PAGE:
This article originally ran in the Washington Post on December 25, 2018. You can read the original here.
The government form lay on the dining room table in Mary Klein’s home in Northwest Washington. At the top, in bold letters, was a simple declaration: “REQUEST FOR MEDICATION TO END MY LIFE IN A HUMANE AND PEACEFUL MANNER.”
“I need two witnesses for my application,” Klein’s friend Kelly Saunders recalls her saying. “Would you be a witness?”
Saunders knew this moment was coming.
It had been nearly four years since doctors had diagnosed Klein’s ovarian cancer. She had shed 20 pounds, her voice was softer, and her hair thinner and grayer. She had decided to stop chemotherapy months earlier.
At 70, Klein had become the public face of an effort to legally permit doctors in the nation’s capital to help terminally ill patients die.
Even as her health deteriorated, Klein worked for two years to lobby local lawmakers as well as members of Congress — who can overturn D.C. laws — to allow a practice that is now legal in seven states. She prevailed, and the law took effect last year.
And now, Klein wanted to become the first person in the District of Columbia to use the law.
Saunders picked up a black pen and checked off a box verifying that her dying friend “appears to be of sound mind and not under duress, fraud or undue influence.” She signed her name.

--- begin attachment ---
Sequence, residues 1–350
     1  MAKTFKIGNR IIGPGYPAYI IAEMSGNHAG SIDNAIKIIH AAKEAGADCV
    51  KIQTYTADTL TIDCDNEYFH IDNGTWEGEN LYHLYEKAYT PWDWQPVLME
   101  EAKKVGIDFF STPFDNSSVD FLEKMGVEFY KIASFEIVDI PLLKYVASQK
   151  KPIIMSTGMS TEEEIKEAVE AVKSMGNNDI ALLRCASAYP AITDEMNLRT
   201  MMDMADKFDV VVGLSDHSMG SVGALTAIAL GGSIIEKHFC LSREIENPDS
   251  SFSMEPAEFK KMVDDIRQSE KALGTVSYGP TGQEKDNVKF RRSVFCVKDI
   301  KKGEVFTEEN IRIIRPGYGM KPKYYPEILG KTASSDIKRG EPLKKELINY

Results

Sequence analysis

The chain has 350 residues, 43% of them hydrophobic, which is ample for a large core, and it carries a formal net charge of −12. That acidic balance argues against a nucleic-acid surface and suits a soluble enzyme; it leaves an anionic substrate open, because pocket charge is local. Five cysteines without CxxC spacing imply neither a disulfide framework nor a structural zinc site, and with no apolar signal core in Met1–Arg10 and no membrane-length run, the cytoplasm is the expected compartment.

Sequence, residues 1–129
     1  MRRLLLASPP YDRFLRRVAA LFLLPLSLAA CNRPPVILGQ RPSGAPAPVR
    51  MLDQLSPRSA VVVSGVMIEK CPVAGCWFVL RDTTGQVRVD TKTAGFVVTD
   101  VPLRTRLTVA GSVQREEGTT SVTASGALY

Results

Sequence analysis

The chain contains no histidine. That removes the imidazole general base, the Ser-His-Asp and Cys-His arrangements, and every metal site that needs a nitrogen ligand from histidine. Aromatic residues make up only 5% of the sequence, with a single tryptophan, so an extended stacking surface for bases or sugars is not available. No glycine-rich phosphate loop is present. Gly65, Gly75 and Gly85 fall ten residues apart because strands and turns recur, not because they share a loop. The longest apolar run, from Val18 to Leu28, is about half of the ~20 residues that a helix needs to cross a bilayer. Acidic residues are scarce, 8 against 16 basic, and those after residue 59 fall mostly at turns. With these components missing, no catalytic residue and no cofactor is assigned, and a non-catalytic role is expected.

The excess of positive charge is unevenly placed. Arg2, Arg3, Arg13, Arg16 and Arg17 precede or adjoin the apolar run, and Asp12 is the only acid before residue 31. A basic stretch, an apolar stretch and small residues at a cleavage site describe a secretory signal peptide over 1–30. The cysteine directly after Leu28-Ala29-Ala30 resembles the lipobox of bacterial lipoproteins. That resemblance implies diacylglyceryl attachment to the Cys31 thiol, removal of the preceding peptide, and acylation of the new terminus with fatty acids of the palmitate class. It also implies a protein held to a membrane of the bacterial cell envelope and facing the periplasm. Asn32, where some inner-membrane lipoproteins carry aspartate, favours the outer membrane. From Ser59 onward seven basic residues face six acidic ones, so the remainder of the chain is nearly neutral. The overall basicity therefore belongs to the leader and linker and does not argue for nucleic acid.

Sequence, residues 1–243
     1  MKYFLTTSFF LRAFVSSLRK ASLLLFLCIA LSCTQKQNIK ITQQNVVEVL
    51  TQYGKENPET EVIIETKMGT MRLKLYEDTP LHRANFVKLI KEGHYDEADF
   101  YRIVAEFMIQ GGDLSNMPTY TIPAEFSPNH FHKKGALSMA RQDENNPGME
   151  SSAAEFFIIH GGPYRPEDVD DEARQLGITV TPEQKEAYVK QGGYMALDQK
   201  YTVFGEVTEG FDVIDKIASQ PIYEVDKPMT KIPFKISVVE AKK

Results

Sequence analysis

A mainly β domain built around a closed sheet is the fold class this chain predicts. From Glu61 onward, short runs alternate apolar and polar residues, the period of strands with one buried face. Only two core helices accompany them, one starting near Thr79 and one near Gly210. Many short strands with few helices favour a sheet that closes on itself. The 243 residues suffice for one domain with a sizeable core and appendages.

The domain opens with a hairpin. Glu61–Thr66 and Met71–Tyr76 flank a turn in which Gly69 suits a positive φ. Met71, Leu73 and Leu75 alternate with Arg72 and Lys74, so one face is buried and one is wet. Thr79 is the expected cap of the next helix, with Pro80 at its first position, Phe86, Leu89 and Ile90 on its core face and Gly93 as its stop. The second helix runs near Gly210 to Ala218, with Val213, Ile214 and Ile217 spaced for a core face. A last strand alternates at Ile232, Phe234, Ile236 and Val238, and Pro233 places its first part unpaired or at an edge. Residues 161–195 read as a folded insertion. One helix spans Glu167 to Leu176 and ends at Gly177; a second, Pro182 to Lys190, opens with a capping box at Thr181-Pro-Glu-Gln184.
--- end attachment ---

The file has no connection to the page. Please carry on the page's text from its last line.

Stella Dawson, Klein’s partner of 37 years, stepped out of the kitchen where she was clearing out cabinets and preparing for a contractor’s visit. She offered Saunders a box of macaroni and cheese to take home.
It felt incongruous.
“Here we were talking about her death, but we were in the kitchen getting ready to have the kitchen renovated,” said Saunders, an architect.
The signature brought Klein closer to fulfilling her goal of controlling the final moments of a terminal disease.
But even after the public pleading, the quiet lobbying and the politics surrounding the vote — and the paperwork — it wasn’t a done deal.
Klein’s oncologists didn’t want to prescribe the drugs for the fatal dose. And social conservatives in Congress vowed to stop the District’s program.
And it was uncertain whether death would come from the cancer overtaking her body, or at her own hands, at her own time and in the comfort of her own home.
Klein, a former journalist and artist who trained dogs in retirement, noticed stomach pains while traveling to compete with her German shepherd, Adina, in summer 2014. She blamed her irregular diet and figured she would feel better when she returned home.
X-rays dated Oct. 2, 2014, showed tumors growing in her uterus.
Klein sat her wife down in their living room soon after and explained the grim outlook.
“We’re going to do this well,” Dawson recalls Klein saying.
From the diagnosis of the Stage 3 ovarian cancer, Klein was thinking about the end.
She wanted to decide when the pain became too intolerable to continue living, but her options were limited.
For decades, activists have pushed to allow terminally ill patients to legally end their lives, saying people with no hope of recovery deserve the option to avoid needless suffering in their final days.
Some doctors say helping patients die violates the Hippocratic oath to do no harm. Religious leaders say preservation of human life is sacrosanct. Advocates for people with disabilities and the elderly fear they could be pressured into premature death.
Even the name of the practice is controversial. Supporters prefer “death with dignity” to “assisted suicide,” and the main advocacy group rebranded itself from the Hemlock Society to the softer-sounding Compassion & Choices.